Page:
Like my prior emergency I was unprepared for this and it took some scrambling. Bonnie & Clyde must always be accounted for and on the off chance that I might be kept at the hospital arrangements needed to be made. It took hours but I made it happen and off to the ER I went.
I had a plan! I would get my blood transfusion and come on back home. I would be back before sunrise after my oil change, and Bonnie & Clyde would be none the wiser. A funny thing happened with that plan though – the universe had a different one in mind. The universe won.
I took the first pint of blood like a baby on a tit. The second pint….not so much.
Almost as soon as the second pint started an elephant sat on my chest. I tried to inhale… nothing. I tried again…..nothing. People came in and started checking connections and shoving shit into me [not in the GOOD way]. Finally a rocket scientist gave me an oxygen mask and the elephant lifted a leg.
The doctors huddled in the corner of my room tossing around words like ventilator and congestive heart failure. I could do nothing except listen and suck on my oxygen dick. There was no part of what I listened to that was attractive but that little thing about not being able to breathe kept me from doing anything. I tried to take off the mask to ask questions and the big assed elephant sat down on my chest and apparently brought a friend to sit with him.
They shipped me off to the critical care unit. They stuck a needle in my wrist to check my oxygen levels in my blood. It’s called an arterial blood gas test. Moses, Jesus, Abraham, Peter, Paul & Mary and all those other biblical characters that I don’t believe in I never want to have another one of those again. I ended up having 4 of them over my hospital stay and who ever came in to try number 5 was going to get Sparta kicked. I was not in fighting shape, but damn it that motherfucking thing HURTS.
I vaguely recall other tests and x-rays and personnel coming in over the next 24 hours to figure out what was wrong. I kept my eye open for the chick with the artery needle though. I was positive that I would eventually have enough strength to kill her.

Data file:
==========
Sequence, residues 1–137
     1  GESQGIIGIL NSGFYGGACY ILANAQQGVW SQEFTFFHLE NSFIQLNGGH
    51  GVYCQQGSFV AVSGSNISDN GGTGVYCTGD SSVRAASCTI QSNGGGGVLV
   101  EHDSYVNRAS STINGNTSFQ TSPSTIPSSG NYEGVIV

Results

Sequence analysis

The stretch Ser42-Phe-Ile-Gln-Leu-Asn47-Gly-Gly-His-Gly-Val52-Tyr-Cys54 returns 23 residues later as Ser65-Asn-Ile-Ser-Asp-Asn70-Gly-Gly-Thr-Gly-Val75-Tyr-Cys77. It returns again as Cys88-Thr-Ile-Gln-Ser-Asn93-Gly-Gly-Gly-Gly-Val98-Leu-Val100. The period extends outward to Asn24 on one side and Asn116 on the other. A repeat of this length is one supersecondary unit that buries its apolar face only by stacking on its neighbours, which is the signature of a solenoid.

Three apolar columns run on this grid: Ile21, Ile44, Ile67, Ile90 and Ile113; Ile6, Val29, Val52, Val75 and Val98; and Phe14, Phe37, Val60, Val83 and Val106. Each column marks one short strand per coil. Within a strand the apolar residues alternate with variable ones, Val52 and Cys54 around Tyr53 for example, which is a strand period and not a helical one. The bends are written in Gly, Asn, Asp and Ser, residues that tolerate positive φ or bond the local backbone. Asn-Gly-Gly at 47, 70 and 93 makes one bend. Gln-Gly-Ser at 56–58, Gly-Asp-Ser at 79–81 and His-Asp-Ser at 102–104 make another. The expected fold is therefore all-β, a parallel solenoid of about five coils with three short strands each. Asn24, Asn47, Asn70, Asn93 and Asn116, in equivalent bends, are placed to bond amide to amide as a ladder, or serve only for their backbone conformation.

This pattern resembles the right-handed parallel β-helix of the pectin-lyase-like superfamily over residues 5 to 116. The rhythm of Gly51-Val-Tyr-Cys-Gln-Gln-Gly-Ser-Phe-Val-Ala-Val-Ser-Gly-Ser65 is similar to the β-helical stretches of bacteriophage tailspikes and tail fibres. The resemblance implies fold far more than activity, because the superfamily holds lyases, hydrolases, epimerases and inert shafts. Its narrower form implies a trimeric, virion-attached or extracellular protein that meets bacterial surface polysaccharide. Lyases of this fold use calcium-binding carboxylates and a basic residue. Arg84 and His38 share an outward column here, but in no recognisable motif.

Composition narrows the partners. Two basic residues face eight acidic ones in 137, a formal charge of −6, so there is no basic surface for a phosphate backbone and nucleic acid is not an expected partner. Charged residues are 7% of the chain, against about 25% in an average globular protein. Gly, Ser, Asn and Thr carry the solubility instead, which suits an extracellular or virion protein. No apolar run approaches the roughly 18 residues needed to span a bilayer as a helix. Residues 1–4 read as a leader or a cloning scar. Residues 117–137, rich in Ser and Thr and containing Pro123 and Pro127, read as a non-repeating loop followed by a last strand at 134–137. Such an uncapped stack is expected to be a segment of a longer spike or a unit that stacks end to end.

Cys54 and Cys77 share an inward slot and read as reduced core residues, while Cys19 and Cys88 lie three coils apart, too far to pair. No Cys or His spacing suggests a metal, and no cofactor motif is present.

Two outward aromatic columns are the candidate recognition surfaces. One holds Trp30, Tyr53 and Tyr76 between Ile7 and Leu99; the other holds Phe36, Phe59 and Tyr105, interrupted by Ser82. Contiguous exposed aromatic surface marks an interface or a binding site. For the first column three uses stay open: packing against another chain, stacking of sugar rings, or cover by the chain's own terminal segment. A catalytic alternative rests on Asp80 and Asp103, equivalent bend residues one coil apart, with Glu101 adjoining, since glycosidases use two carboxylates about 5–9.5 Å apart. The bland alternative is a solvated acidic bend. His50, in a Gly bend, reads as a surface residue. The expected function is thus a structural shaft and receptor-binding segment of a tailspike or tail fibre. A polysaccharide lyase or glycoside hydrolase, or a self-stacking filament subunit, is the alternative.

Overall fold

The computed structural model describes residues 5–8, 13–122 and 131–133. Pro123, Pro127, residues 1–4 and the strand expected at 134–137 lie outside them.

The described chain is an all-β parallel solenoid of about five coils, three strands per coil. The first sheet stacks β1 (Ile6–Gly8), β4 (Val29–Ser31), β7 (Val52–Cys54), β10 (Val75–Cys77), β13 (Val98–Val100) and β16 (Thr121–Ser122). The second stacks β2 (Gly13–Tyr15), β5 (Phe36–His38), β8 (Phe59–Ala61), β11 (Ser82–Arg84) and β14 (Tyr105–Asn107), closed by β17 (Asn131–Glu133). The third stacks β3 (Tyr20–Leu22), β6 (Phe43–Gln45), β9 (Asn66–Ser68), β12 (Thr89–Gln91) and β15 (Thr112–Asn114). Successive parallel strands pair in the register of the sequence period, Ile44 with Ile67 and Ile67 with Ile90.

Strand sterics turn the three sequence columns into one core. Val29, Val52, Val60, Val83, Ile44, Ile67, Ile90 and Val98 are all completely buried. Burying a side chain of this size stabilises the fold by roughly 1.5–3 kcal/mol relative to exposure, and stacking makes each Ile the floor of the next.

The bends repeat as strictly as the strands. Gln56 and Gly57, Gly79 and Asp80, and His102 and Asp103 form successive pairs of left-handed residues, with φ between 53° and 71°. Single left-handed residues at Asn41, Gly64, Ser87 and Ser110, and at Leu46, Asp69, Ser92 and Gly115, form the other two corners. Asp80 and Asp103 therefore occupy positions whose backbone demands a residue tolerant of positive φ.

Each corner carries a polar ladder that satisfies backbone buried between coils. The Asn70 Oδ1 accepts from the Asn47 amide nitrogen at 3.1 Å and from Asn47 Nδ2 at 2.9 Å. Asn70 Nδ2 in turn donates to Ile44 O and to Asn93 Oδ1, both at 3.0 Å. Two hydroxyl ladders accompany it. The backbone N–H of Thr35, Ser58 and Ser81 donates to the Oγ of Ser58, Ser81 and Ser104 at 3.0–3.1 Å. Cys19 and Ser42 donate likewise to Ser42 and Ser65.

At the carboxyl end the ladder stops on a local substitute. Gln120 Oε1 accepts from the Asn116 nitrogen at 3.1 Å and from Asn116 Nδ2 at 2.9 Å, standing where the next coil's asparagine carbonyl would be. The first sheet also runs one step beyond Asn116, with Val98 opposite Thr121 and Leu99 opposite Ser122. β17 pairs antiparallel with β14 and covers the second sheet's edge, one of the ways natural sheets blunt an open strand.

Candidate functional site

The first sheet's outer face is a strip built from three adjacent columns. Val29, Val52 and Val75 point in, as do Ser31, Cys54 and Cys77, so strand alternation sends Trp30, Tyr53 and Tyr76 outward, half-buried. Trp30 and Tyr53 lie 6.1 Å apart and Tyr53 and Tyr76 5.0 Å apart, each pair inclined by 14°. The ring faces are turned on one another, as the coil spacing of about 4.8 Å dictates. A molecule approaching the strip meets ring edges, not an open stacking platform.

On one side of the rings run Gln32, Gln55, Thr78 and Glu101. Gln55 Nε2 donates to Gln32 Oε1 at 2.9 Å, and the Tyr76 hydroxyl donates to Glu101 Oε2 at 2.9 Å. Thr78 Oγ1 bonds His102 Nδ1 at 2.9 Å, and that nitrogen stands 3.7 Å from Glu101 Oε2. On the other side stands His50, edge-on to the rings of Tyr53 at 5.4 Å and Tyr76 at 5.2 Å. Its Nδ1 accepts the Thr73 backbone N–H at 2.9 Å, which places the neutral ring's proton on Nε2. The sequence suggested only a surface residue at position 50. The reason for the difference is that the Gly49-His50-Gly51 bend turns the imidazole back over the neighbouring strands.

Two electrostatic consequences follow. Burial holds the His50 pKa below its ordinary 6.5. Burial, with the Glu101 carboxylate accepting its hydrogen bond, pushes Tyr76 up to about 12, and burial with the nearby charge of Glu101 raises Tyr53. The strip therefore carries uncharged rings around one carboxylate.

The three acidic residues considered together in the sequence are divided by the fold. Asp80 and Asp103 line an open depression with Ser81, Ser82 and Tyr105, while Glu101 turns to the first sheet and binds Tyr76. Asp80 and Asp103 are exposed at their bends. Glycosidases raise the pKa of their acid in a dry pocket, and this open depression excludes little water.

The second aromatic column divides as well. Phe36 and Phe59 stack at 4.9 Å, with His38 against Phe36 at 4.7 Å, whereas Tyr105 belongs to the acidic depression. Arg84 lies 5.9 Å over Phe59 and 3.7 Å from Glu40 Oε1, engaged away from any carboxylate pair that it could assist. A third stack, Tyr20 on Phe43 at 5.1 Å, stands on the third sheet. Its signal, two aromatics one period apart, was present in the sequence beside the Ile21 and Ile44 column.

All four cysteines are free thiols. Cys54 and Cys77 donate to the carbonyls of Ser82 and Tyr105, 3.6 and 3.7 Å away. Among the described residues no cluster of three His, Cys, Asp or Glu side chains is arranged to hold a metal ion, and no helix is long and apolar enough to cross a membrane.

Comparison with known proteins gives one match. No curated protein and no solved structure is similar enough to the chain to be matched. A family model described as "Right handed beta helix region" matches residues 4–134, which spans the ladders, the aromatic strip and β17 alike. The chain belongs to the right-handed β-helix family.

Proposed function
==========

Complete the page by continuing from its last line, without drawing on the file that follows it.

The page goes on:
After a day or so the assumption was:
- I was anemic
- I was iron deficient
- My fibroids were the most likely culprit
They figured out how to give me more blood by also giving me medication for fluid. Apparently there is nothing wrong with my heart. The doctor called it a SUPER heart actually.
The problem seemed to be that my heart had grown accustomed to the low blood levels and had not adjusted to all the fresh stuff being pumped into me. They moved me out of critical care December 10 and that was my Q to make like a tree and leave.
With a new hemoglobin level of 6.9 and steady I left the hospital. I came home and wrapped my arms around Bonnie & Clyde and thanked the universe for my partners in crime.
I’ve been trying to take it easy since I got back, but life and this episode has shown me that no I still don’t have time to be sick…but I can be sick if I plan for it. I have gratitude to those who pitched in to help me out and care for my babies. I have a little less that gratitude for some of what I experienced. I won’t get into that right now, but it’s never been MORE clear to me that I have to be Superwoman and that relying on others is something that is detrimental to my family.
For my female readers: If you have uterine fibroids be mindful that while they might appear quiet and merely a distraction they can be life threatening. Fibroids are more common in African American women than Caucasian women. They can exist in your uterus without causing problems, and over time they can grow and endanger your health. See your gynecologist on a regular basis, and have ultrasounds regularly to check their size and placement. If you are not currently insured you can get GYN services through your local Planned Parenthood at a reduced or zero cost. You can also check to see if you qualify for insurance through the ACA [Affordable Care Act] by visiting their website.